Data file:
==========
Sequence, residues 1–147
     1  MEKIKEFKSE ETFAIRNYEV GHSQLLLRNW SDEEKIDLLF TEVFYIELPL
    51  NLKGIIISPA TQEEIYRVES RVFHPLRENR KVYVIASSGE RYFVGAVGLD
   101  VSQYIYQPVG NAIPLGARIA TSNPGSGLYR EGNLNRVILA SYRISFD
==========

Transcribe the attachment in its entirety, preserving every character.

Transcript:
Sequence, residues 1–147
     1  MEKIKEFKSE ETFAIRNYEV GHSQLLLRNW SDEEKIDLLF TEVFYIELPL
    51  NLKGIIISPA TQEEIYRVES RVFHPLRENR KVYVIASSGE RYFVGAVGLD
   101  VSQYIYQPVG NAIPLGARIA TSNPGSGLYR EGNLNRVILA SYRISFD